It was awesome hanging out with the gang I met at YWAM in Oxford, New Zealand a few years back even though none of us currently work there. I had the honor of officiating a wedding in Columbus, Indiana this past Sunday which brought a few of us together.
The bride and groom, Kim and Wilfred, are moving to New Zealand to start life together, but I doubt they’re getting back into YWAM just yet either. After the festivities, Joseph Watson and I managed to catch a ride to Nashville with a girl we met there named Stephanie. I was driving her car as we pulled onto southbound I-65 and Joseph piped up, “If those are not the most important moments in life and always worth making happen, I don’t know what are.” I couldn’t agree more.
I plan on being here in Nashville, TN until Saturday when I fly back to Kona. After living and working here for about 10 years cumulatively, it’s a home away from home. My friend of about 35 years, Don, and I spent a couple hours earlier this afternoon walking around Costco shopping for groceries for his family of 10. We talked about everything-family, sin, money, and the character of God as he loaded up the cart.
When we do something bad and don’t pay the earthly consequences for it, it’s easy to imagine the worst impending doom we can think up and put ourselves through hell to somehow pay the dues we think our sin deserves. The wages of sin is death… yes, true, but most of the time, here on earth, let’s be honest, God doesn’t pay us back as our sins deserve. It actually makes sense and matches what scripture says about Him. David says that no one is righteous and asks not to be brought into judgement, so why do we want to be slammed when we mess up? Not a single one of us is righteous enough to be save himself anyway. So forgiveness is very “all or nothing”. We are either forgiven for every sin, past present, and future or none at all. It doesn’t make any sense or have any power if it’s sometimes and maybe.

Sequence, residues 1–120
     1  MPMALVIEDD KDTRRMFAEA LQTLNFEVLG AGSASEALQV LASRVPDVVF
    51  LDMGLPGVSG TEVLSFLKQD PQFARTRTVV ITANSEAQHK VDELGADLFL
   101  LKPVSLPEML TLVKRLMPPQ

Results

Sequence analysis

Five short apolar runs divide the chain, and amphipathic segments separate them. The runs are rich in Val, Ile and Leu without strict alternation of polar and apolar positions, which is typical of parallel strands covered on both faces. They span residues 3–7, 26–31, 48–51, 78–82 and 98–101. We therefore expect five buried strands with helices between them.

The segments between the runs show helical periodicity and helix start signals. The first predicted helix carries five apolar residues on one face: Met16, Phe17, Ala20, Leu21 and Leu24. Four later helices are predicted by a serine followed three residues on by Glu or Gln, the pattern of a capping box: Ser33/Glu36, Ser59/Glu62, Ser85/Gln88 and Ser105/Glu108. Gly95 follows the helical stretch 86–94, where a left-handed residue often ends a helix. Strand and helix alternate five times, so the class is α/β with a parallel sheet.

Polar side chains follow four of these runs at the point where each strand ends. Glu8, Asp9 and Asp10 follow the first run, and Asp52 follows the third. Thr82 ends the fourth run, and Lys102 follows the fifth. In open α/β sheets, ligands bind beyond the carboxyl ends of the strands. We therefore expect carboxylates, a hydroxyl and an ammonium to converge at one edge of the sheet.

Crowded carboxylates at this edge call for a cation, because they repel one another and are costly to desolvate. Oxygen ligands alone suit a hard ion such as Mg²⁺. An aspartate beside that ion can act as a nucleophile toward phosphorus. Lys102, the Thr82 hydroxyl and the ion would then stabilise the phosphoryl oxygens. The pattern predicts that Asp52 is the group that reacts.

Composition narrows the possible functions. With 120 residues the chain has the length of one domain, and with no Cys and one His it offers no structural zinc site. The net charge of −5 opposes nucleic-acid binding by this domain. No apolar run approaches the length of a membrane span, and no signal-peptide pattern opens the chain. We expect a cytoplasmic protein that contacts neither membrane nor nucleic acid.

What happens when we blow it? The demon comes and whispers that we are and have always been failures, deserve nothing but punishment, and the gospel means nothing. Fear tactics. The more fear we live in, the less we move out to the next thing because after all, we don’t deserve to have or do anything better. Believing this, we can sit and wait for judgement that never comes; condemned. So we make decisions in a sort of paralyzed, hesitant, double-minded, fearful state. The Psalms tell us,
“The Lord is merciful and gracious,
slow to anger and abounding in steadfast love.
He will not always chide,
nor will he keep his anger forever.
He does not deal with us according to our sins,
nor repay us according to our iniquities.”
So why is it hard to act like that’s a reality?
Martin Luther said this about his time of trying to count and account for his sins, always feeling guilty and overwhelmed with the task of making up for and confessing each one.
”I lost touch with Christ the Savior and Comforter, and made of him the jailer and hangman of my poor soul.”
Once he got his right place sorted out with God, he outran that fear and wrote the 95 Theses.
So, what to do?
Walk “as if” we are forgiven and victorious over the failures of the past because that’s Reality.
One of the verses the groom chose to have read at the wedding was this:
“There is no fear in love, but perfect love casts out fear. For fear has to do with punishment, and whoever fears has not been perfected in love.”
1 John 4:18
It’s all connected to the fear of failure. My Mom, two youngest sisters, and I were having lunch in Michigan the other day marveling about the founders of our country and how smart they were. We started looking up quotes by Ben Franklin. I came across one I hadn’t heard before:
“Do not fear mistakes. You will know failure. Continue to reach out.”
What is life without taking risks anyway?
I mean, what’s the worst that can happen?